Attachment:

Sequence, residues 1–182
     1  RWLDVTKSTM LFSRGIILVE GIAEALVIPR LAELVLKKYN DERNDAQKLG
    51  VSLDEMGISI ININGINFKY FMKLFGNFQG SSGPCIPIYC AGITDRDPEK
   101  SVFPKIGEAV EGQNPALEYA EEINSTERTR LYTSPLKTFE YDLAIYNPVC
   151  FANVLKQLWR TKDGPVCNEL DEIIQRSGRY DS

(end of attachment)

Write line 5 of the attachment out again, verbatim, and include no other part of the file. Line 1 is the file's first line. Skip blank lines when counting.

   151  FANVLKQLWR TKDGPVCNEL DEIIQRSGRY DS